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Lecture 8

Modal Analysis 16.0 Release

Introduction to ANSYS Mechanical

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Chapter Overview
In this chapter free vibration as well as pre-stressed vibration analyses in Mechanical will
be covered.
Chapter Contents:
A. Basics of Free Vibration
B. Theory and Assumption
C. Geometry
D. Contact
E. Solution Setup
F. Modal Results
G. Vibration With Prestress
H. Workshop 8.1, Free Vibration Machine Frame
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A. Basics of Free Vibration
The free vibration analysis procedure is very similar to performing a linear static analysis, so not all
steps will be covered in detail.
The schematic setup for modal (free vibration) is shown here. Later a prestressed modal setup will
be covered.

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B. Theory and Assumptions
The linear equation of motion for free, un-damped vibration is

M u K u 0
Assume harmonic motion:

u i sin it i
u i2 i sin it i
Substituting {} and {} In the governing equation gives an eigenvalue equation:

K M 0

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Theory and Assumptions
As shown on previous slide, for vibration analysis, the natural circular frequencies i and mode
shapes i are calculated from:

K M 0
Assumptions for modal analysis:
[K] and [M] are constant:
Linear elastic material behavior is assumed
Small deflection theory is used, and no nonlinearities included
[C] is not present, so damping is not included
{F} is not present, so no excitation of the structure is assumed
The structure can be constrained or unconstrained
Mode shapes {} are relative values, not absolute

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C. Geometry

Modal analysis can employ any type of geometry:

Solid bodies, surface bodies and line bodies.
The Point Mass feature can be used:
A point mass adds mass without additional flexibility to the structure thus reducing the
natural frequency (K/M)^0.5.
Material properties: Youngs Modulus, Poissons Ratio, and Density are required.
Structural and thermal loads are not available in free vibration:

If no supports (or partial) are present, rigid-body modes will occur at or near 0 Hz.

The choice of boundary conditions will affect the mode shapes and frequencies of the part.
Carefully consider how the model is constrained.

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D. Contact
Contact regions are available in free vibration analyses however contact behavior will differ for
the nonlinear contact types:

Modal Analysis
Contact Type
Initially Touching Inside Pinball Region Outside Pinball Region
Bonded Bonded Bonded Free
No Separation No Separation No Separation Free
Rough Bonded Free Free
Frictionless No Separation Free Free
Frictional Bonded Free Free

All contact will behave as bonded or no separation in a modal analysis:

If a gap is present:
Nonlinear contacts will be free (no contact).
Bonded and no separation contact will depend on the pinball size.

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E. Solution Setup
Within Mechanical Analysis Settings:
Specify the number of modes to find (default is 6).
Optionally specify a frequency search range (defaults from 0Hz to 1e+08Hz).
Note: damped modal analysis is covered in the dynamics course.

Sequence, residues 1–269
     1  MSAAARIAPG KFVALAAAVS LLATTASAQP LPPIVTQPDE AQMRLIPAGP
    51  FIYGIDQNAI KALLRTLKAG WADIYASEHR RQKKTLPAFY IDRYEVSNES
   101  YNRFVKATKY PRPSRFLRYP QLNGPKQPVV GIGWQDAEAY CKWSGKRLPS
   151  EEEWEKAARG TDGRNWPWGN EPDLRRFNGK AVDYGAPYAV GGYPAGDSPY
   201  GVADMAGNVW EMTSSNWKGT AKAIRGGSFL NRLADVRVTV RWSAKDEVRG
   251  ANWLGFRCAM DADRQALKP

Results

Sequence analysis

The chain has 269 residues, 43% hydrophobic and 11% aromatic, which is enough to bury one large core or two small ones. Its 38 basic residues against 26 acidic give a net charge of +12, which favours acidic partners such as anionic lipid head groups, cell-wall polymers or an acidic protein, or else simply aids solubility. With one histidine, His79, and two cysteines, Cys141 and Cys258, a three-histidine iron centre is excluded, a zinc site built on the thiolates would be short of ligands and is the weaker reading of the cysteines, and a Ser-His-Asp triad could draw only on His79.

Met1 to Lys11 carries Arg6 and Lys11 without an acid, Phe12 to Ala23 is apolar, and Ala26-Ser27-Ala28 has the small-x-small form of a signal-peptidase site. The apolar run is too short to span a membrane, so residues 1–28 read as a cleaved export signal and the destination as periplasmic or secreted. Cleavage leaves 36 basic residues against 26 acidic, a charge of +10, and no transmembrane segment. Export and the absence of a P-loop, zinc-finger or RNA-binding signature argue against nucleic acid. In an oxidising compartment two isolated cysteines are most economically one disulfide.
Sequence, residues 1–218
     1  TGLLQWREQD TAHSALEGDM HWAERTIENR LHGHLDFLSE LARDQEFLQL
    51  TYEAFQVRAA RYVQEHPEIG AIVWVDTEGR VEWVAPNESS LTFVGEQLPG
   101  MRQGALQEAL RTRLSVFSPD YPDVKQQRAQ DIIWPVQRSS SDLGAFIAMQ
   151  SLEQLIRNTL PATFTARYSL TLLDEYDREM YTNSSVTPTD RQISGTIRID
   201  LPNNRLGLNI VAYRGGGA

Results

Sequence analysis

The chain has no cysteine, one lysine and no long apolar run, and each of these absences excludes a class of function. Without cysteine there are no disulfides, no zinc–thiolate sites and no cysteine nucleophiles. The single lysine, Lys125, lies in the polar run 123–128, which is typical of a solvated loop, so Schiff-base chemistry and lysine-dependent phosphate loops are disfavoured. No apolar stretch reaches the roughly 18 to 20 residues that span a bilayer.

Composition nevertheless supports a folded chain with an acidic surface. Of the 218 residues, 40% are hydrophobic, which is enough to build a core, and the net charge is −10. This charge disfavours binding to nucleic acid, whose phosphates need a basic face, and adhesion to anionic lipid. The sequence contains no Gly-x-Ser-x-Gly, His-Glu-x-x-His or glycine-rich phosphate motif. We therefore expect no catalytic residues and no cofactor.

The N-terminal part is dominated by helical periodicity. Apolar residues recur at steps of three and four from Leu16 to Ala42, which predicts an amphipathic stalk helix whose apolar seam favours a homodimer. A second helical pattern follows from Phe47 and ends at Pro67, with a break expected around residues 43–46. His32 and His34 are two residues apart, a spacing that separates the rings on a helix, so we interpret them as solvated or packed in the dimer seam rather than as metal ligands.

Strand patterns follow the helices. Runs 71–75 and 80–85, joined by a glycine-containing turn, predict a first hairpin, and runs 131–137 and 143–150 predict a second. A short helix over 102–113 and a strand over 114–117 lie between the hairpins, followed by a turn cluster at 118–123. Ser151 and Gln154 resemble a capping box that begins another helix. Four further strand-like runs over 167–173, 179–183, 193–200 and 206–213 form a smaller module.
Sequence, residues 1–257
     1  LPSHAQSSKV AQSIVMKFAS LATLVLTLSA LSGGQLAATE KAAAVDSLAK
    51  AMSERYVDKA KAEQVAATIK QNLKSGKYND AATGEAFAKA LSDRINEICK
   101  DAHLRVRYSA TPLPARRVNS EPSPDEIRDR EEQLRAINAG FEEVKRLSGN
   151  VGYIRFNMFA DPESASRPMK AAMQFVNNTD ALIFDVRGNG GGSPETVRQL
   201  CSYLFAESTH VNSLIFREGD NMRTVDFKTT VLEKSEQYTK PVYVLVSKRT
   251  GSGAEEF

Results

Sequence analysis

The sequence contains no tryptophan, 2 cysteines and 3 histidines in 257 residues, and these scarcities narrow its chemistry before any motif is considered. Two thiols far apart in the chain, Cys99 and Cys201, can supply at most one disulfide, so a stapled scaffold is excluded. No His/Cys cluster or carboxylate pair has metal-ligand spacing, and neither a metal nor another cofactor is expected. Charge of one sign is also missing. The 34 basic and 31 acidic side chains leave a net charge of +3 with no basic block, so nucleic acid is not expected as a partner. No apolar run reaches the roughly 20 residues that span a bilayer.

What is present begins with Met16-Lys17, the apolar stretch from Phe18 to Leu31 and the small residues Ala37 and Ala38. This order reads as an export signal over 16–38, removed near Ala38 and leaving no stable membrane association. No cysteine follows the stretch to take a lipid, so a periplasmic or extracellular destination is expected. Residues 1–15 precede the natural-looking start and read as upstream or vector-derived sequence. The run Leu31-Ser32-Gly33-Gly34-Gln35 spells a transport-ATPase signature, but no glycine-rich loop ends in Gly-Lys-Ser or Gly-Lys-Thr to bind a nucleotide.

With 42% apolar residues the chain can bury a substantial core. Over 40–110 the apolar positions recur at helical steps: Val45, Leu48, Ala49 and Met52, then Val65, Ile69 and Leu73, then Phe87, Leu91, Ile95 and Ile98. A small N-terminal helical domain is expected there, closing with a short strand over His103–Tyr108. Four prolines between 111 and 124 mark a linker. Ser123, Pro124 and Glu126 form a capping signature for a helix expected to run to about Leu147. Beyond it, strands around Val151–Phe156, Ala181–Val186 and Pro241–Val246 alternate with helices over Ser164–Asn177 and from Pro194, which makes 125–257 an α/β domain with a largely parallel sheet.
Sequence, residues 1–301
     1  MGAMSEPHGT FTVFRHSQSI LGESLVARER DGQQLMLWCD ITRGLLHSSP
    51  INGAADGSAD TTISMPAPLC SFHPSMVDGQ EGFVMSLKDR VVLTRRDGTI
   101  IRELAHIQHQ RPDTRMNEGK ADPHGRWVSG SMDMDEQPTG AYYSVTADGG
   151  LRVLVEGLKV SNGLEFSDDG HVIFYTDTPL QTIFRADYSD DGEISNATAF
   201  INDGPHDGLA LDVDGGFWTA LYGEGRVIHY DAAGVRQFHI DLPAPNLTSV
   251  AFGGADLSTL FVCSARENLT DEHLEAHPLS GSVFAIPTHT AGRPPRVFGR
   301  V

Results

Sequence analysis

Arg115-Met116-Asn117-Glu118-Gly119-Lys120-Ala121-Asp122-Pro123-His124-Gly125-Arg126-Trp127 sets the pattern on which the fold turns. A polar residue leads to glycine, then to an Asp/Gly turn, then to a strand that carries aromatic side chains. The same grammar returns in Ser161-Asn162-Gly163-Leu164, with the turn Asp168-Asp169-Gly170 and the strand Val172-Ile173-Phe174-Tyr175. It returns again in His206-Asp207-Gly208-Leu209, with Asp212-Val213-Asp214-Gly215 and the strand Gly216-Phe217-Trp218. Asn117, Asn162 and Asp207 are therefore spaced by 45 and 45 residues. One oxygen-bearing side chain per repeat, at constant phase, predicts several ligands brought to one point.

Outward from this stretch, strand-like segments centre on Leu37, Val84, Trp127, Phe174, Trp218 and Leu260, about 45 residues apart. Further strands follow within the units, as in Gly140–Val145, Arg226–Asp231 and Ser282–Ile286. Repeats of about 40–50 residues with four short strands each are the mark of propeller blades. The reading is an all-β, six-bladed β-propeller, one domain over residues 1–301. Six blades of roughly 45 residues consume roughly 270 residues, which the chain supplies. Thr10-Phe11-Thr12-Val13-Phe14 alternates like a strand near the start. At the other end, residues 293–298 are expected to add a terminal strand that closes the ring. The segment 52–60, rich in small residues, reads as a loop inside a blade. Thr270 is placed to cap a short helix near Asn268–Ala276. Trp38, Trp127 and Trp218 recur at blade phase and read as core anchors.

Request additional result output if desired.

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Solution Setup
When a solution is complete, the solution branch will display a bar chart and table listing frequencies
and mode numbers.

RMB to request the modes to be displayed (or select all).

Individual mode shapes can be animated.

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F. Modal Results
Modal Results:
Because there is no excitation applied to the structure the mode shapes are relative values not
actual ones.
Mode shape results are mass normalized.
The same is true for other results (stress, strain, etc.).

Because a modal result is based on the

models properties and not a particular
input, we can interpret where the maximum
or minimum results will occur for a
particular mode shape but not the actual

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G. Vibration with Pre-Stress
While many prestressed modal examples appear in musical instruments (guitar strings, drum
heads, etc.), there are numerous engineering applications where the inclusion of prestress effects
are critical.

Note: while prestressing in tension will cause frequencies to increase, compressive states can
decrease natural frequencies.

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. . . Vibration with Pre-Stress
Setup a pre-stressed modal analysis in the schematic by linking a static structural system to
a modal system at the solution level.

Notice in the modal branch, the structural analysis

result becomes an initial condition.

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. . . Vibration with Pre-Stress
The stress state of a structure under influences the modal solution by
modifying the stiffness of the structure.

K xo F o S
A linear static analysis A stress stiffness matrix is
is performed calculated from the
structural analysis

K S i
M i 0
The original free vibration equation is
modified to include the [S] term

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H. Workshop 8.1 Free Vibration
Workshop 8.1 Free Vibration Analysis
Investigate the vibration characteristics of the machine frame shown
here by testing 2 sets of constraints.

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